Here is the latest version https://www.caat.or.th/wp-content/uploads/2018/07/RevisedSelf-Declaration15MAR18.pdf

Drone Thailand - CAAT online registration

And the waiting game begins...

I strongly advise you to visit their website (https://uav.caat.or.th/) regularly for an update on your application. That way, you can track any obstacles should they arise. Login and go into history for an update. See the diagram below as a reference.

Thailand Drone registrations

The CAAT UVA Registration Certification is valid for 2 years.
I have yet to renew a CAAT licence so I have no idea if I have to go through this whole process again or if there is renewal process based on original documentation provided. I’ll guess I will have all that to look forward to.  I have just completed the same steps for my third drone so I am legally ready to continue providing safe, professional imagery for my clients.

Your final document will look like this:

Fly Legally in Thailand 2020

Step FOUR: FLY A DRONE IN Thailand

Once you have your CAAT license you are legally permitted to fly your drone in Thailand.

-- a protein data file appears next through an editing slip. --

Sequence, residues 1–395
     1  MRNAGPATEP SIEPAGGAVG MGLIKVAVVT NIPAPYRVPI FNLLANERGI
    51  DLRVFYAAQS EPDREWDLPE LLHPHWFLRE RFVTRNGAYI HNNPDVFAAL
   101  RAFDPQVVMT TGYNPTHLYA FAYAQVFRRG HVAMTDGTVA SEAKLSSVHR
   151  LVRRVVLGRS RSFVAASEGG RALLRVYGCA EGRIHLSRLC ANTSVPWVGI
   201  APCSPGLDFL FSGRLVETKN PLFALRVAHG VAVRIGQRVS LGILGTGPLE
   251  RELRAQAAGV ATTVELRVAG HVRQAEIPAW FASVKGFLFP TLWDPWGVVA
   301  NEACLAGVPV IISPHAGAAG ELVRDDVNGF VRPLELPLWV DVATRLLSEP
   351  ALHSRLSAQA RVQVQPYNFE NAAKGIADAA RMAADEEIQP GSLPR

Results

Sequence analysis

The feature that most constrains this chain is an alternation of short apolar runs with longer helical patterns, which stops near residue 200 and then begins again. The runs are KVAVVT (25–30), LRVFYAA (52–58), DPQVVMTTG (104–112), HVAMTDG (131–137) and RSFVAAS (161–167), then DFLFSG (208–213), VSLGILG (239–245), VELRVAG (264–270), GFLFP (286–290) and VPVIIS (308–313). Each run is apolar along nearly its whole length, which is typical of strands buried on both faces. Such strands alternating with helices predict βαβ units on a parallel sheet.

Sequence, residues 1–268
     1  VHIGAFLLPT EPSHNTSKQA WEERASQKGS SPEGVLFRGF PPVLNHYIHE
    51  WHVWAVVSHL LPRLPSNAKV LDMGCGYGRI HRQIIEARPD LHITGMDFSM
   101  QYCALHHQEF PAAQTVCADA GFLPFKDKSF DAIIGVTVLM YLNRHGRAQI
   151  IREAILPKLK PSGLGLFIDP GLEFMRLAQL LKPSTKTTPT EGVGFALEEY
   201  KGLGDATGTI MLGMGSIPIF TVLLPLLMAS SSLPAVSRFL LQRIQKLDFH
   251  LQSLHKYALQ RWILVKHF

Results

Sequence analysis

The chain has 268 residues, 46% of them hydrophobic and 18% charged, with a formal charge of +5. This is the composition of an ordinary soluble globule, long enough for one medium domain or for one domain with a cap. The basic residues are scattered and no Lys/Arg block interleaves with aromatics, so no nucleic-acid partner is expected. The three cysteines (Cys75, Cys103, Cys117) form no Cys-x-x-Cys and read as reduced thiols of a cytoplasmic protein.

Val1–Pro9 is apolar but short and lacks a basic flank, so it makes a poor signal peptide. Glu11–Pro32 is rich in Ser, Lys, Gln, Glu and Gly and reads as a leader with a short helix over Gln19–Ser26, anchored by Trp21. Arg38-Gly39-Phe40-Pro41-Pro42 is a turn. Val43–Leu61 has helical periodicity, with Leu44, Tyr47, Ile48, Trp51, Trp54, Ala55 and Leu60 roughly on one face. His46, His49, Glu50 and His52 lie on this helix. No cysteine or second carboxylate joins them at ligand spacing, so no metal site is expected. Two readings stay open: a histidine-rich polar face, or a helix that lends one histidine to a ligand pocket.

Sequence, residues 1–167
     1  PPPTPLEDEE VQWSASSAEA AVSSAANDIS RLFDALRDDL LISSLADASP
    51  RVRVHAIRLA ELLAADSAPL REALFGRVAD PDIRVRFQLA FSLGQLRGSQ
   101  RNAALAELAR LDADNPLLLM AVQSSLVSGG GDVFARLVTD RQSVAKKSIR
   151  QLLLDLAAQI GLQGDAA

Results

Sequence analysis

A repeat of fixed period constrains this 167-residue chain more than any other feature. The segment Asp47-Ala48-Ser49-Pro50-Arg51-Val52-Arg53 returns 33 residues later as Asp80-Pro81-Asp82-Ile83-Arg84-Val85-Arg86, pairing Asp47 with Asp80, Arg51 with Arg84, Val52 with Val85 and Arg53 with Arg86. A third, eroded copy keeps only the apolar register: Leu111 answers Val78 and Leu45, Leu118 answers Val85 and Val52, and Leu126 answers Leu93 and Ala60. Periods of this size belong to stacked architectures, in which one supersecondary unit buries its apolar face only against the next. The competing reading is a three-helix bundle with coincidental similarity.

But, of course, there are more rules: now you must make sure you are fully aware of all of Thailand’s drone aviation rules.  Here are a few of the basic ones:

  • A drone is permitted to fly to a maximum height of 90 meters (300 feet)
  • Your drone must ALWAYS be in your sight
  • Insurance is totally compulsory. You must insure your drone to cover damages of at least 1 million Baht
  • For any drone OVER 2kg you MUST obtain a CAAT licence
  • For a drone over 25kg you must seek separate approval from the Ministry of Transport
  • You must stay a minimum of 9km (5 miles) away from the all airports
  • You must stay at least 30 meters away from people, cars and buildings.
  • You are not permitted to fly over crowds, cities or villages
  • You must also seek approval of the landowner for taking off and landing your drone.